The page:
Tuesday, January 18, 2022 |
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Small judge gavel placed on table near folders
Confused over Marilyn Mosby’s new policy on Baltimore drug prosecutions? Here’s what her office says it means.

When State’s Attorney Marilyn Mosby announced she would stop prosecuting people for certain crimes, advocacy groups and progressive politicians applauded her decision. For too long, they said, the justice system has come down hardest on the people who need help. In neighborhood meetings, however, Baltimore families expressed mixed feelings. Can they no longer call the cops when a man walks through their neighborhood tugging the handles of car doors?

Read More: Baltimore Sun
Prince George’s executive says two top police officials will leave after officer is charged with tax evasion

Prince George’s County Executive Angela D. Alsobrooks (D) unexpectedly announced the departure of two of her top public safety officials Friday after news broke that a veteran police officer with the force had been charged in federal court with tax evasion related to his private security business that employs other off-duty police. Alsobrooks said in a news release that she had asked for and accepted the resignation of Mark Magaw, a former police chief and the current deputy chief administrative officer for public safety and homeland security.

Maryland begins statewide effort to lessen digital divide

The digital divide has become a major talking point since the pandemic forced jobs, schools and doctors’ offices online. But concerns with the growing divide between those with and without broadband access arose before the pandemic forced millions of Americans to shelter in place. The Abell Foundation found in a 2020 report that 520,000 households in Maryland did not have access to broadband internet at home.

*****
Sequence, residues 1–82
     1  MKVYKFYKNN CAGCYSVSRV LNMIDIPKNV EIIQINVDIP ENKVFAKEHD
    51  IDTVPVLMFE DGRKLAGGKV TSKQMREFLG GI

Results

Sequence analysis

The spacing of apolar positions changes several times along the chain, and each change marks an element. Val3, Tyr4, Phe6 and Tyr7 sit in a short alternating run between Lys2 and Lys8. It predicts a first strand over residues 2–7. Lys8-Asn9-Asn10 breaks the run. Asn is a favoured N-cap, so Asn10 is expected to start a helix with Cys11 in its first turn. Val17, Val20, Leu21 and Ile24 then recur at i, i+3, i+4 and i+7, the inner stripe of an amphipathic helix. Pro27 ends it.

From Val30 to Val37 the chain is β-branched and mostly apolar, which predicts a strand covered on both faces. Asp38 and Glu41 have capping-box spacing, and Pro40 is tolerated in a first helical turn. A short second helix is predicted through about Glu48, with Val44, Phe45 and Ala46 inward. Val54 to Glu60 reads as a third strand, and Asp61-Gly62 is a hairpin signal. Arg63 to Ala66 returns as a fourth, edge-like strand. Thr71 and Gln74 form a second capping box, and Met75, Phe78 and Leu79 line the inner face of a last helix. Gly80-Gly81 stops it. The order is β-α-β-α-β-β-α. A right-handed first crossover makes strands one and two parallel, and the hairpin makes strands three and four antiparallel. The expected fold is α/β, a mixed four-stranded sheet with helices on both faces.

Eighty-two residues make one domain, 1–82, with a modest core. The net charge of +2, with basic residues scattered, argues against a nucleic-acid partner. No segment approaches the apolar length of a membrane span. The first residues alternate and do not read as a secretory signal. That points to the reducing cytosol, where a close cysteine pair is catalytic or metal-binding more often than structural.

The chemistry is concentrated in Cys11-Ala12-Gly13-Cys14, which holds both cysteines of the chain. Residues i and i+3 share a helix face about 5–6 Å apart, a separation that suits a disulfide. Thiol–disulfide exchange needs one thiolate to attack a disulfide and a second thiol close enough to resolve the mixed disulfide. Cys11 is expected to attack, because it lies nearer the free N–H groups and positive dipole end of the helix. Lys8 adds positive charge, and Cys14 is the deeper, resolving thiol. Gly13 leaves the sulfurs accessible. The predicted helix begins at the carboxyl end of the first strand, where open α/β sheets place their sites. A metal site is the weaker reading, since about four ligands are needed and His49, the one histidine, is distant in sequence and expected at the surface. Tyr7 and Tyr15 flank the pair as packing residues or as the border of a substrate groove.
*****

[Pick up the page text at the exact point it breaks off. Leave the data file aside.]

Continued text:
Public debate on $152 city budget proposal, police reform bill on crowded Annapolis City Council agenda

A crowded Annapolis City Council meeting agenda Monday features public hearings on the fiscal 2022 budget, police reform legislation and the introduction of a bill establishing a financing authority to pay for climate change mitigation projects. The resilience authority bill, O-14-21, sponsored by Mayor Gavin Buckley and Ward 1 Alderwoman Elly Tierney, would create a funding structure shared between the city and Anne Arundel County used to start projects like the City Dock redevelopment that includes extensive infrastructure improvements to combat flooding and sea-level rise.

Read More: Baltimore Sun
Hogan convenes bipartisan meeting of national leaders to discuss infrastructure

Gov. Lawrence J. Hogan Jr. (R), wearing his hat as co-chair of the national nonpartisan political organization No Labels, convened a meeting of more than two dozen governors, U.S. senators and House members in Annapolis on Thursday and Friday for a bipartisan conversation about infrastructure. The two-day meeting came during a week when the Biden administration continues to sell its $2 trillion infrastructure plan, congressional Republicans revealed details of a nascent counter-proposal, and the bipartisan Problem Solvers Caucus in the U.S. House of Representatives released a 20-page document Friday listing points of consensus for improving America’s infrastructure.